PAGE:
One of the biggest trends in our industry these days is big data. Everything is in the data – it’s right there! Can you see it?
If you are like most community banks, the answer is no. The data you have is powerful. Most businesses would kill to have that kind of access to their client’s information, history, decisions, and behaviors. It’s not for lack of information that your financial institution (FI) may struggle with regulatory compliance issues surrounding AML and fraud compliance. It’s for lack of correlation of that information.
Advanced analytics can do just that – tying together disparate, seemingly unconnected strings and sources of data in a way that has previously been impossible in the community banking space. It does so in a way that will help your AML investigators understand what is actually happening with your clients. Getting a handle on this element of risk is also empowering for your investigators because they spend their time looking at real risks and not chasing down rabbit holes that are false alarms.
Another component of advanced analytics that is critical is the ability to “tune” your models appropriately. If the analytics are pointing in the direction of false positives, how can that be fixed? By refining the logic, either through manual tuning, or through machine learning. Machine learning is an entirely new concept for most community FIs, but it’s an exciting new technological advance that allows the machine to correct and amend modeling based on the data coming in. The success rate of that data ends up being investigated and ultimately is SAR reportable.
Machine learning isn’t new – your social media engines and search engines have been doing this for some time. It predictively understands what you’re most likely to be interested based on your previous activity and applies that logic on the fly. It’s a similar idea in the AML and fraud space – understanding and correlating patterns in behavior over time in a sophisticated way that we’ve never been able to achieve previously in the community banking space.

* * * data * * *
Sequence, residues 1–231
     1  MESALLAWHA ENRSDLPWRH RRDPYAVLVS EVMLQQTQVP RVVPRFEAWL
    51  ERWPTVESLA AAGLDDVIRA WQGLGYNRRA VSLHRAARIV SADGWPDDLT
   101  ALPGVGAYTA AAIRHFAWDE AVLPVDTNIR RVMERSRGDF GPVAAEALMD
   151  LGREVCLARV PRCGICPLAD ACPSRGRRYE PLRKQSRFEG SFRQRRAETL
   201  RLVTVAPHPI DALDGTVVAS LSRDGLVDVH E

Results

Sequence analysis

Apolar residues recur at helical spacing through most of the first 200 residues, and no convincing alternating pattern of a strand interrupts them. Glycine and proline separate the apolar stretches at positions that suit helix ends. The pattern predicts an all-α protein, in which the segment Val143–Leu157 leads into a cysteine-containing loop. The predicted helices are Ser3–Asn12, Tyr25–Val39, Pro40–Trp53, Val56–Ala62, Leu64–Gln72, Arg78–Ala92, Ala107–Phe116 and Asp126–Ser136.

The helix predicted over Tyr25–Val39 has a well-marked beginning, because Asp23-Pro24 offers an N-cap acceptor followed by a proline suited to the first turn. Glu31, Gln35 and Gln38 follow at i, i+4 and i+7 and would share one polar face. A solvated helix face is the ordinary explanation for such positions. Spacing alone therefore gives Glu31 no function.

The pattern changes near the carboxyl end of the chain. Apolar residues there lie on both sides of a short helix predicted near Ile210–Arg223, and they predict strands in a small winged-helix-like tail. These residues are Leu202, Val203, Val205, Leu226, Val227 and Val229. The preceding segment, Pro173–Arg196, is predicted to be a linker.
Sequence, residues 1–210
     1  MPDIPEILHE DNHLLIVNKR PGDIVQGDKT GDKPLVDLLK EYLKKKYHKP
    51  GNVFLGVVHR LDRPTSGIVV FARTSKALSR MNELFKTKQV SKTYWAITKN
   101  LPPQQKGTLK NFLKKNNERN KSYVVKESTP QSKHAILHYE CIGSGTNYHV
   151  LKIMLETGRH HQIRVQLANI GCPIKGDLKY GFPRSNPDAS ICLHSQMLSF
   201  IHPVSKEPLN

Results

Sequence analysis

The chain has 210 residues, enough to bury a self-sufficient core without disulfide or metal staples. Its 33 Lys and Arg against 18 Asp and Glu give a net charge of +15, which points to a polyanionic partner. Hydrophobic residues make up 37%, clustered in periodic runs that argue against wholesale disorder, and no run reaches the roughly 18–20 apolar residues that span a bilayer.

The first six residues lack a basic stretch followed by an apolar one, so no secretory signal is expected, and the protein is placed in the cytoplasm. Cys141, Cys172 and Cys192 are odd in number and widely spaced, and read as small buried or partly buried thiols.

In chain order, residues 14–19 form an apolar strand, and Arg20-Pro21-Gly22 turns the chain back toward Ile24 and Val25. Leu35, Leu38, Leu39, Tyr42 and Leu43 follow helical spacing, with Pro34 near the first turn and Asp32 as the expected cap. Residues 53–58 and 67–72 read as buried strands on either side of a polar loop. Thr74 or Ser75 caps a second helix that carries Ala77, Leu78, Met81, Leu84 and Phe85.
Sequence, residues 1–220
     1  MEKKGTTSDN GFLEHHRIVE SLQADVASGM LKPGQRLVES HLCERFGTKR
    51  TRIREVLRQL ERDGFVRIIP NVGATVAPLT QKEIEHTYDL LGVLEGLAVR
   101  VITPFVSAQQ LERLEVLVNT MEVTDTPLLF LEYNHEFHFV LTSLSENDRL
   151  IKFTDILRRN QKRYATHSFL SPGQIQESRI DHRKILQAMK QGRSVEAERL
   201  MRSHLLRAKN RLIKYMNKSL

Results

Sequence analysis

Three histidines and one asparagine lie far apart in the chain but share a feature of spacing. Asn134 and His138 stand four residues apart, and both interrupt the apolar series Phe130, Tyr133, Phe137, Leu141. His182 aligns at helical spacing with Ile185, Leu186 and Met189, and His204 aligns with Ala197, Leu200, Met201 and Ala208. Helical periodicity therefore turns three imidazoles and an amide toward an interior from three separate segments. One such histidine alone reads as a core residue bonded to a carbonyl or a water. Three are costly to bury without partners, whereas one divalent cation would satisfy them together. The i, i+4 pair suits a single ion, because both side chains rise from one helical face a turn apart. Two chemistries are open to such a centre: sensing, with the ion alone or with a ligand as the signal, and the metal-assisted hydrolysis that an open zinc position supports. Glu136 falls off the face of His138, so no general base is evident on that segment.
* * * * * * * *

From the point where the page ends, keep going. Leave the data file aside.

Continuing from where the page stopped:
Check out this information from SAS.com on the evolution of machine learning:
Because of new computing technologies, machine learning today is not like machine learning of the past. It was born from pattern recognition and the theory that computers can learn without being programmed to perform specific tasks; researchers interested in artificial intelligence wanted to see if computers could learn from data. The iterative aspect of machine learning is important because as models are exposed to new data, they are able to independently adapt. They learn from previous computations to produce reliable, repeatable decisions and results. It’s a science that’s not new – but one that has gained fresh momentum.
While many machine learning algorithms have been around for a long time, the ability to automatically apply complex mathematical calculations to big data – over and over, faster and faster – is a recent development. Here are a few widely publicized examples of machine learning applications you may be familiar with:
- The heavily hyped, self-driving Google car? The essence of machine learning.
- Online recommendation offers such as those from Amazon and Netflix? Machine learning applications for everyday life.
- Knowing what customers are saying about you on Twitter? Machine learning combined with linguistic rule creation.
- Fraud detection? One of the more obvious, important uses in our world today.
This, my friends, is the future of AML, fraud detection, and prevention in our lifetimes.